Parents Supporting Parents

When families are given a hearing loss diagnosis, their world shifts to a state of shock. Everything from this moment forward will change: their priorities, the vision for their child’s future, their schedules, etc. Not to mention the amount of information these families must learn.

We as professionals are a helpful resource to provide crucial information such as, type and degree of hearing loss, equipment, anatomy of the ear, language development, etc. However, even with family, friends, and professionals, there is still a very important component missing for these families: understanding from experience. Hosting parent support groups with families of children with hearing loss can fill this gap.

There are 3 parts to family education/support:

  • Sharing of Knowledge (Education)
  • Involvement in Planning/Implementation (Carry-Over)
    • Hands-on practice with techniques and activities
  • Parent-to-Parent Support (Support)

But why add this 3rd component? Parents of children with hearing loss generally are at greater risk for elevated stress and depression which can then impact their ability to care for their children. These parents could also have lower self-efficacy (i.e. lower confidence that they can competently raise their children). The type of stress varies over time; it can change from healthcare and information at the time of initial diagnosis to education and support as their children get older (Zaidman et al., 2016).

Creating and providing a network of parents going through similar struggles gives these families the opportunity to receive empathy, increase their confidence, and let them know that they are not alone in their journey and/or daily struggles.

So how can we do this?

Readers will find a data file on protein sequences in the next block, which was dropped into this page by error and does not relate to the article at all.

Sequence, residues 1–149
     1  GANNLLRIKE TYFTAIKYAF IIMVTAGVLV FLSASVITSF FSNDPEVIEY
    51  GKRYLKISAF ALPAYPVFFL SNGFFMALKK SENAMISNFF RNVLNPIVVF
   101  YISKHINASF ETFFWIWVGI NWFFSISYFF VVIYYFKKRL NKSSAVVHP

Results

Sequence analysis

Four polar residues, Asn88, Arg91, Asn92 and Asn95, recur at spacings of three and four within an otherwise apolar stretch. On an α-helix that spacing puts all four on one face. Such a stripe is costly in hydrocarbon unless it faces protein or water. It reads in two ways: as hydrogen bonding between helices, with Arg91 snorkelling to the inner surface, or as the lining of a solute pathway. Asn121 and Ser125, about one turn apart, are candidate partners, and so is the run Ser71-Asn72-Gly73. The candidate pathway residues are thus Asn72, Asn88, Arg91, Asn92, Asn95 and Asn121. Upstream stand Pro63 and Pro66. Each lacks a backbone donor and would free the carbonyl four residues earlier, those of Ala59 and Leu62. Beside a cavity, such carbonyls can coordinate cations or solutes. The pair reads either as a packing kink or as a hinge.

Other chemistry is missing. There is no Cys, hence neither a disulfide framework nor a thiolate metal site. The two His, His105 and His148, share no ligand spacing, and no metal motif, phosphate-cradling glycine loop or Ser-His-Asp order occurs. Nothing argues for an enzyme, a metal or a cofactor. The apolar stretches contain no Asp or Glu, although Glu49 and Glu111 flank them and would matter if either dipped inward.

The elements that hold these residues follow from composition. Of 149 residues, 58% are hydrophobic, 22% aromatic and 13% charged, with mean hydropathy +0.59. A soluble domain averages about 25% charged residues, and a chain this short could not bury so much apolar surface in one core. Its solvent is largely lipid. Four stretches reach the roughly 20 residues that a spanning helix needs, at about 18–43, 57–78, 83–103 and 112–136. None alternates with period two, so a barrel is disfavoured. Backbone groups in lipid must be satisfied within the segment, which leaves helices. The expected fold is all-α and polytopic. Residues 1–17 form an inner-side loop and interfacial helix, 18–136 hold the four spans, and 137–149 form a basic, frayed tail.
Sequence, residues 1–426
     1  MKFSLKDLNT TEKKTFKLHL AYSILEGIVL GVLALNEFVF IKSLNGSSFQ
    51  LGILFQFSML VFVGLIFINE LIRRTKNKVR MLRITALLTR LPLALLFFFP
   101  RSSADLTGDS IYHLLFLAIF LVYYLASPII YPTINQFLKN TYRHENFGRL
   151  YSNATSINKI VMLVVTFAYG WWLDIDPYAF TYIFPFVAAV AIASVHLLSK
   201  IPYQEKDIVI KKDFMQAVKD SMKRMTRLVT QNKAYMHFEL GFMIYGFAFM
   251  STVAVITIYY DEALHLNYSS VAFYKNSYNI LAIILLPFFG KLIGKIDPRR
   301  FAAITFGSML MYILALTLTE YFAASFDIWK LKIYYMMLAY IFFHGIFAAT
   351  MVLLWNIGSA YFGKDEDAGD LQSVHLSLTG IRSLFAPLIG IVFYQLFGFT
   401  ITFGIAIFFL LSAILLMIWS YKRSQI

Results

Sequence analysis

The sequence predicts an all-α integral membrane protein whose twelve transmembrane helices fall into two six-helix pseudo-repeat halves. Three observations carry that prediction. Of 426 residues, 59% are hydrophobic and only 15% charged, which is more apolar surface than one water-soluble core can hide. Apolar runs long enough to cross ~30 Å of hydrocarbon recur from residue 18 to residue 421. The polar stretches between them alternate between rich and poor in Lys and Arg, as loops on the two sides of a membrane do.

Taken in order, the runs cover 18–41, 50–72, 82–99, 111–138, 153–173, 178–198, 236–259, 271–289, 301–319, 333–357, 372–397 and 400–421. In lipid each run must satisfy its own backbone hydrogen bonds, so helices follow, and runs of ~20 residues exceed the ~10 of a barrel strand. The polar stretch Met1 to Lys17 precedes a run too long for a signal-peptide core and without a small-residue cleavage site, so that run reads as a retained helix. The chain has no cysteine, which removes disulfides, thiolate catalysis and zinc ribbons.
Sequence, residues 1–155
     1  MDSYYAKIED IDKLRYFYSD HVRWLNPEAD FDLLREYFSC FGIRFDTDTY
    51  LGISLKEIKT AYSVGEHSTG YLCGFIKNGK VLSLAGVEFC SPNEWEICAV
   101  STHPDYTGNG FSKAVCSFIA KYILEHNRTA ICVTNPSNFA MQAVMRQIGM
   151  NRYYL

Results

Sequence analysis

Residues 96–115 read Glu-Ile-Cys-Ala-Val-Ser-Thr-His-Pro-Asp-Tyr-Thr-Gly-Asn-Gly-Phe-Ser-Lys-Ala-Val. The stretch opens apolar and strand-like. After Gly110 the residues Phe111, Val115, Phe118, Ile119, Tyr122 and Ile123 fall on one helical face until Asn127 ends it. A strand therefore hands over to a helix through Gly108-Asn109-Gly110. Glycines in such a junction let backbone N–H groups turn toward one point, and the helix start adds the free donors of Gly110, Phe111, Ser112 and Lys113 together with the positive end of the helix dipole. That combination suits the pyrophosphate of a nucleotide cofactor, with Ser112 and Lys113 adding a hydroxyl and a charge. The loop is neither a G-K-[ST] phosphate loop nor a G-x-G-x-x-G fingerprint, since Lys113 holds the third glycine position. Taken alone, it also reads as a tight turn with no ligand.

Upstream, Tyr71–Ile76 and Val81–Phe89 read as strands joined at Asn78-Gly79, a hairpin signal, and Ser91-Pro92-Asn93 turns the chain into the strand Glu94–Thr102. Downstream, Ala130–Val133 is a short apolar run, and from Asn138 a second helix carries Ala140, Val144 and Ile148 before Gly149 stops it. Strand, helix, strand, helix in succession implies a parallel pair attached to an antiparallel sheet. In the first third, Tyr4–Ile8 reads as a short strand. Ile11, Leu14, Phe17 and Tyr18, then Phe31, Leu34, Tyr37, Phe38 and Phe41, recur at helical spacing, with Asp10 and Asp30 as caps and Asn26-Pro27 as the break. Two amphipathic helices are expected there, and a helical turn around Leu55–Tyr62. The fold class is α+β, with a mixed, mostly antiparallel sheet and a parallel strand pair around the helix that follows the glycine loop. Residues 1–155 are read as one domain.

On an individual level:

  • Check the family’s support system (“What/who is your support system?”).
  • Connect them with others (“I have another parent with a similar situation that I think you would enjoy talking to. Would you like me to pass along your contact information?”).
  • Include multiple family members (“Dad/Grandma is welcome to join our sessions anytime!”).
  • Do energy check-ins (“How’s your energy level today?”).
  • Give homework to parents too! (“Your job over the next week is to do something every day for 5 minutes that is just for you.”).

On a group level:

  • Create a school-wide support group for your clinic or school.
  • Create a support group for your specific class and consistently meet. For example, if pick-up is at 3:30, meet with the parents on the 3rd Friday of every month from 3:00-3:30.
  • Send out a survey with discussion topics for the families to choose from. This will help make these topics more applicable and interesting to them. (examples: behavior management, sensory experiences, entering the public school system).
  • Let the families do the talking! We as the teachers are simply meant to be moderators and start the conversation. Let the families take the lead, add information, and support each other.

The parents themselves can be the ultimate resource!

The Impact of Childhood Hearing Loss on the Family: Mothers’ and Fathers’ Stress and Coping Resources


blog parentsupportingparents Carmen Martinez is a speech-language pathologist at Memphis Oral School for the Deaf (MOSD), where she facilitates the Sound Transitions program. In this role she provides developmental therapy, listening and spoken language training, and parent support to families of children who are deaf and hard of hearing ages 1-3. She also leads MOSD’s parent support group, PEP Talk. Carmen received her bachelor’s degree in Communication Disorders at Murray State University and her master’s degree in Speech-Language Pathology at the University of Memphis.

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